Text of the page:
[ COLLEGE BASEBALL ]
CWS takes precedent
over MLB for Suzuki
The Baldwin grad will wait to
turn his focus to the Oakland A's
Kurt Suzuki and the Cal State Fullerton Titans are right where they wanted to be at the end of the 2004 season: playing in the College World Series.
College World Series
All times Hawaii time
Where: Omaha, Neb.
When: June 18-28
TV: ESPN and ESPN2
Tomorrow (Bracket 1)
>> Arizona (35-25-1) vs. Georgia (43-21), 8 a.m.
>> Texas (55-13) vs. Arkansas (45-22), 1 p.m.
Saturday (Bracket 2)
>> South Carolina (50-15) vs. Cal State Fullerton (42-21), 8:30 a.m.
>> Miami (49-11) vs. LSU (46-17), 1 p.m.
After being drafted in the second round of Major League Baseball's First-Year Player Draft by the Oakland Athletics on June 7, the thought of a professional baseball career was secondary to Suzuki's desire to keep the CSUF uniform on all the way to Omaha, Neb.
The Titans (42-21) open play Saturday against South Carolina (50-15) at 8:30 a.m. Hawaii time. ESPN will broadcast the game. Win or lose, CSUF will play its second game on Monday.
The Baldwin graduate takes his cuts from the No. 3 spot in the Titans lineup. The reason coach George Horton has him batting there is obvious from the statistics Suzuki has compiled this year.
He leads the Titans in batting average (.437), runs scored (73), hits (101), home runs (16), runs batted in (86), walks (44), sacrifice flies (9), on-base percentage (.527) and slugging percentage (.753).
His 86 RBIs tie him for sixth place with current San Diego Padre Phil Nevin on the school's single-season list.
Those numbers alone validate the nickname "Kurt Klutch" for the junior catcher who came to Fullerton as an invited walk-on.
Suzuki credits a change in his approach at the plate for his outstanding campaign that came on the heels of a solid sophomore season.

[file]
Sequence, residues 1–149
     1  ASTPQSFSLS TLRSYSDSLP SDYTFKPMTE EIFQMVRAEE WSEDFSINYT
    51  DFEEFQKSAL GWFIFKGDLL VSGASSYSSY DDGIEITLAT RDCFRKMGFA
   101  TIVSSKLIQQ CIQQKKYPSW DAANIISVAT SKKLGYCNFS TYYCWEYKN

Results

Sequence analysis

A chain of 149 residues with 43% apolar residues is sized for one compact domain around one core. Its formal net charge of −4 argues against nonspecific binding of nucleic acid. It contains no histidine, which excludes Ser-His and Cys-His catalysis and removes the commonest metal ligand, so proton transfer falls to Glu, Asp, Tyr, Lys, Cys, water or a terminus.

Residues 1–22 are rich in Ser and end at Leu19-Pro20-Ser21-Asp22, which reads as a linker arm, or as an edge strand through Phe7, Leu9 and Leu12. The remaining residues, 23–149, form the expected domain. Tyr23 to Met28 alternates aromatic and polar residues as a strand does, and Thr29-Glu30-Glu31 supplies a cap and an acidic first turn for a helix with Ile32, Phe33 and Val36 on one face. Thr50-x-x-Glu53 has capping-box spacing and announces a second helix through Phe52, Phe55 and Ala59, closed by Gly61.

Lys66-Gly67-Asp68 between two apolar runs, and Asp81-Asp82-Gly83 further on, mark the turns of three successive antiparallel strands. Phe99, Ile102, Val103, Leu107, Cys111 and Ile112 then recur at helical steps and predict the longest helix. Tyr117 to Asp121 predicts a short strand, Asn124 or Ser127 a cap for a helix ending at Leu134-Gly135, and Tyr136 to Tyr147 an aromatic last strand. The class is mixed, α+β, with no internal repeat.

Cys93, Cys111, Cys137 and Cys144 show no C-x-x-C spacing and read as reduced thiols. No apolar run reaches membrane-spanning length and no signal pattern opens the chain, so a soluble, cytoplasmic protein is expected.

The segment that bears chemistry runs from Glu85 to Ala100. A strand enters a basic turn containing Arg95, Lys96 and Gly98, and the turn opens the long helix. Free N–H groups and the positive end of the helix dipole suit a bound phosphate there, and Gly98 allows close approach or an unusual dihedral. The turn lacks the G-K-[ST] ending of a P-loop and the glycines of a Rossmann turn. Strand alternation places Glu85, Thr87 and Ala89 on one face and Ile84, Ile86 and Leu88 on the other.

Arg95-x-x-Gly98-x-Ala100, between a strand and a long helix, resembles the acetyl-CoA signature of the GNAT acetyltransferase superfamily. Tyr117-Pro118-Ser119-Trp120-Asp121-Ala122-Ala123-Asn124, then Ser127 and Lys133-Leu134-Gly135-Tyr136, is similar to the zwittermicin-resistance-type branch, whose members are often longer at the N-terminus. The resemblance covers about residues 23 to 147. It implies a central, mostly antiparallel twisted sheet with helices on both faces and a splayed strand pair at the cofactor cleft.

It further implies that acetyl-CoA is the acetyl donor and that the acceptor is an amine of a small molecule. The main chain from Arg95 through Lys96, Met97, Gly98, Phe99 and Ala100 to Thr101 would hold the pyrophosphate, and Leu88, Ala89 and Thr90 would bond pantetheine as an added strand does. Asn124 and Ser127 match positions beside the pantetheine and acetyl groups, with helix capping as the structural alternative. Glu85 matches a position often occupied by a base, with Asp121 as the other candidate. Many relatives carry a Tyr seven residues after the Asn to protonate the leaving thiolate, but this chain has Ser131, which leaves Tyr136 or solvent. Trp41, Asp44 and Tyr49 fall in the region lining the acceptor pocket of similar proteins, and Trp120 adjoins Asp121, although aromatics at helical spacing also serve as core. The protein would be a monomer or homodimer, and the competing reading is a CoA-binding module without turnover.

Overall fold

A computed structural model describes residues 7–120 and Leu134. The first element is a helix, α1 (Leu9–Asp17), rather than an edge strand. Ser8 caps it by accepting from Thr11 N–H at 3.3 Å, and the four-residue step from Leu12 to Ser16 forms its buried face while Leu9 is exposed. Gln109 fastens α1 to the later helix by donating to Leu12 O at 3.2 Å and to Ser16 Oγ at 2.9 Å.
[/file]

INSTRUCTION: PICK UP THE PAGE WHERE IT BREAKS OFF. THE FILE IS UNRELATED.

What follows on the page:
"The last couple of years I was more of an aggressive hitter. This year I wanted to focus more on balls in the strike zone. I wanted to be able to drive every ball over the fence," said Suzuki, who acknowledged that approach required more patience.
It also took patience for Suzuki and his teammates to rebound from a slow start that had the Titans saddled with an 11-12 record entering Big West Conference play.
"We looked at our conference as a 21-game World Series. We wanted that to be our first championship, one of many in the future," Suzuki said. He helped add championship wins at the regional over Pepperdine and the super regional vs. Tulane. Next up, the big one, the College World Series.
Since the start of league play, Cal State Fullerton is 31-9.
"We started to turn our season around in conference by focusing on playing hard, playing the right way and it worked out for us," Suzuki said. "We knew Tulane was going to be a good team. We knew we had to play defense, throw strikes and our hitters had to have good at-bats. If we did that, then hopefully the scoreboard would reward us after the game."
The Titans outscored their opponents 68-19 in seven regional games.
Suzuki had mixed memories of his trip to Omaha last year.
"I remember getting there and seeing Rosenblatt Stadium sitting up on a hill, walking in with a bunch of baseball fans and it was all very exciting for me," Suzuki said.
"We lost in the semifinals, lost two in a row to Stanford after being in the driver's seat. The Cardinal have been our Achilles' heel. We decided then to get back to Omaha again and win a national championship.
"I don't think our approach will be any different this year. Maybe our drive will be a little more this year and we will be a little more hungry. I still get a little nervous before every game. It's a nervous excitement. I just go out and have fun, try to enjoy the moment and play as hard as I can. We're coming off a lot of wins, so we are confident going into the College World Series."
The 5-foot-11 (confirmed by Suzuki despite other reported heights) catcher is a finalist for the Johnny Bench Award that will be announced June 30.
Suzuki was named the Big West Conference Player of the Year, is a first-team All-America pick by Collegiate Baseball and a second-team All-America selection by Sports Weekly.
Tuesday he picked up another honor when he was named to the All-American Division I second team by the National Collegiate Baseball Writers Association.
He has an advisor who is negotiating with Oakland, but none of what is being discussed can be presented to Suzuki until his college career is finished. He hopes that does not happen until the last week of June when CSUF is involved in the best-of-three CWS championship series.
This is the second time the Titans have made consecutive trips to the CWS and their 13th visit overall.